“It’s amazing to me they’re going to let the bureau go dark.”


From here:

    After 78 days as the sole Star Tribune Washington reporter, today is intern Brady Averill’s last day of work. When the sale of the paper to Avista Capital Partners closed in early March, Strib D.C. reporters Rob Hotakainen and Kevin Diaz chose to stay with McClatchy, citing an unattractive pay package offered by Avista, leaving only the University of Minnesota graduate to cover the nation’s capitol.

    But when Averill leaves tonight, the paper’s D.C. office won’t technically “go dark.” Averill has been using office space with her former Strib colleagues in McClatchy’s D.C. newsroom, an arrangement that will end when a new Strib hire is made.

    When will that be? Averill said she only knows what has been reported in the paper: They’ll make a hire “in a couple of weeks… or maybe one week.”

    On Sunday, May 20, editor Nancy Barnes wrote, “We are committed to hiring a full-time Washington correspondent and hope to do so in the next few weeks. We expect to also have a full-time intern.”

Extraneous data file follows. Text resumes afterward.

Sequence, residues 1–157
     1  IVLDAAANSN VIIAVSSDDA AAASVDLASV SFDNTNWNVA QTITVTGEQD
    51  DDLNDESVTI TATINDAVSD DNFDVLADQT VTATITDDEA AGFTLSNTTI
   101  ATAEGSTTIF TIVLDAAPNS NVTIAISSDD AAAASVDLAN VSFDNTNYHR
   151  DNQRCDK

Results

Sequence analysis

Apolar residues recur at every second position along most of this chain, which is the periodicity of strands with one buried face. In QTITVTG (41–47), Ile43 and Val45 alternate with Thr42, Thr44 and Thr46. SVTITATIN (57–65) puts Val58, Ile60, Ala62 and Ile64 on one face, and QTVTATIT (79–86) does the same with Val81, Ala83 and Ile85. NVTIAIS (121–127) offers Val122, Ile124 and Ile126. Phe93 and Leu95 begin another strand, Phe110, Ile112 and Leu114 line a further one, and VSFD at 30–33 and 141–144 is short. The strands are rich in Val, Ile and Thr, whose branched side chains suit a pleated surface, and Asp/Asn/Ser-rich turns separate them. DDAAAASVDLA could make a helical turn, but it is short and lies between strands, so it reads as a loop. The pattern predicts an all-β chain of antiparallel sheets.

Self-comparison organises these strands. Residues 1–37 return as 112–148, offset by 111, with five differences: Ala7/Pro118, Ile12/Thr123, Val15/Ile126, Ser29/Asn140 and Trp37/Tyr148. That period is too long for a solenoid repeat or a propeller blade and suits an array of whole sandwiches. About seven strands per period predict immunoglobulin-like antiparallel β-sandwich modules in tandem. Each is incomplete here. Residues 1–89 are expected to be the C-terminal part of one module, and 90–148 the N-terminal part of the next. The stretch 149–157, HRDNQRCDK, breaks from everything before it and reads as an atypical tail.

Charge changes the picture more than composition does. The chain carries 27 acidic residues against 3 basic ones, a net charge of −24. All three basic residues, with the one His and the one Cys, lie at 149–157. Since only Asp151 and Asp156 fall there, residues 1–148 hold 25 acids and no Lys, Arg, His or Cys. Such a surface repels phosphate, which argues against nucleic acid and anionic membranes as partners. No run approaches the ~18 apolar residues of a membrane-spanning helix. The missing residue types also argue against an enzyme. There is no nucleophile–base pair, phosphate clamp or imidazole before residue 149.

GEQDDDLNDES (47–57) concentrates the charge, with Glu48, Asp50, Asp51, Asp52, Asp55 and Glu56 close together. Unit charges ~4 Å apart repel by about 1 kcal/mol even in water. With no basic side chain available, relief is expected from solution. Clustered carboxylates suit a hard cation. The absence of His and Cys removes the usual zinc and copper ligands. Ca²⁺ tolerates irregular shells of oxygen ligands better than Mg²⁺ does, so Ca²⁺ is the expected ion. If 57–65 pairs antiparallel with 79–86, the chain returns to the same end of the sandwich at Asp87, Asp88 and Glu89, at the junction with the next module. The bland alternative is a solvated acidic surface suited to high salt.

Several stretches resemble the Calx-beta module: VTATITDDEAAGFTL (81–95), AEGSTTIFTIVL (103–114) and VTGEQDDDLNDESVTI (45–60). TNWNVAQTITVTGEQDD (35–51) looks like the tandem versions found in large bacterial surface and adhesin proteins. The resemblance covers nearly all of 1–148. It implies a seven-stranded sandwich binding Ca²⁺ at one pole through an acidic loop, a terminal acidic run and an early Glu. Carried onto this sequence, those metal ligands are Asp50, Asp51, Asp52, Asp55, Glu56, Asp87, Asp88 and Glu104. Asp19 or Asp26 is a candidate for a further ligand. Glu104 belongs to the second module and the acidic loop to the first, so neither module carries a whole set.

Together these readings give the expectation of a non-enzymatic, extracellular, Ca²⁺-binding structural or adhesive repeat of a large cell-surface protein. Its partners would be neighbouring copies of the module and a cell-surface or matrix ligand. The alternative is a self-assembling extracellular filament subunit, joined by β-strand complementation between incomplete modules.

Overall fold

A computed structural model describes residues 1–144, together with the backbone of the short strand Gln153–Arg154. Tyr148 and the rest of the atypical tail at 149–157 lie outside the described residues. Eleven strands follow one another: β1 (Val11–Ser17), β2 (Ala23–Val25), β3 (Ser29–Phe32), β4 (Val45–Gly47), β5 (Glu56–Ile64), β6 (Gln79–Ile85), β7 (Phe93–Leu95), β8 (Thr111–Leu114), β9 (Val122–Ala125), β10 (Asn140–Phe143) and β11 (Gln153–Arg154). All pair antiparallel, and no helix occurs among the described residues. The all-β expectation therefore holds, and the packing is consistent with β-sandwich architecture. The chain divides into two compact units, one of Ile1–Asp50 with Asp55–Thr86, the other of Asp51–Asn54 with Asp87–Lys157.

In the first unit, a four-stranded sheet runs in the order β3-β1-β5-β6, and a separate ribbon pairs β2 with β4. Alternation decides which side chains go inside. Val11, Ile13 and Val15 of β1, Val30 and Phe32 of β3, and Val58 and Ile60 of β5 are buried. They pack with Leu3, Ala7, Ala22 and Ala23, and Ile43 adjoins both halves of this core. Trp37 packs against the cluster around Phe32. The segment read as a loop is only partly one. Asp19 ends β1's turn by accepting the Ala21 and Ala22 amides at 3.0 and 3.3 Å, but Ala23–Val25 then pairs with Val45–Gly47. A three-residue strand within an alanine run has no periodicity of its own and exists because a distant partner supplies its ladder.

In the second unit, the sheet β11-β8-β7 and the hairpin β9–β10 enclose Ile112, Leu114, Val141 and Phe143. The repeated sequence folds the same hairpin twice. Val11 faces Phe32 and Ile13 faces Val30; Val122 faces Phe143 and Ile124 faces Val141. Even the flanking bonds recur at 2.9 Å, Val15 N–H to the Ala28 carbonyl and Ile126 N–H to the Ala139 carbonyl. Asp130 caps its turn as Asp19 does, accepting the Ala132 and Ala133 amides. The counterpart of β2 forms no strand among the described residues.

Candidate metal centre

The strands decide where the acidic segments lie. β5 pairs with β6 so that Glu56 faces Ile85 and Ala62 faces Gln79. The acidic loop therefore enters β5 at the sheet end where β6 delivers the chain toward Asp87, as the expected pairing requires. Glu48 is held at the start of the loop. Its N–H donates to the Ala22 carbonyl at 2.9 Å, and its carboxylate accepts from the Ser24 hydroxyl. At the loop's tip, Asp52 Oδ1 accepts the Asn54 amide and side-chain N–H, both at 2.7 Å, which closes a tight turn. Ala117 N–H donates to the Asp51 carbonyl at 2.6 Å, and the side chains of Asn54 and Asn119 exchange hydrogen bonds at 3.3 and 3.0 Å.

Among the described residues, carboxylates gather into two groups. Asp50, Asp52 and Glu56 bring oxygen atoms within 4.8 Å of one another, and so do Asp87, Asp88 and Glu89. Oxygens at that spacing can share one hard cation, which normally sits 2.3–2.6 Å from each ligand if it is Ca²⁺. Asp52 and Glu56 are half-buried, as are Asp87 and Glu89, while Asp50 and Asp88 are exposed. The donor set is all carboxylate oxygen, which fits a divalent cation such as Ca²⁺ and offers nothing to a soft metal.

A commitment to hiring is one thing, but Hotakainen seems to question the paper’s commitment to national news, saying “it’s amazing to me they’re going to let the bureau go dark.”

    While Averill’s position will be refilled, one of the two spots served by Hotakainen and Diaz won’t. But even if the paper staffed up to three full-time D.C. reporters, levels would be well below those of years past. When he began at the bureau in 1999, Hotakainen said there were four reporters, including an intern. In an earlier interview with Minnesota Monitor, former bureau chief Tom Hamburger, now of the Los Angeles Times, said the paper employed five when he began work in the late 1980s, including four full-time journalists and an intern.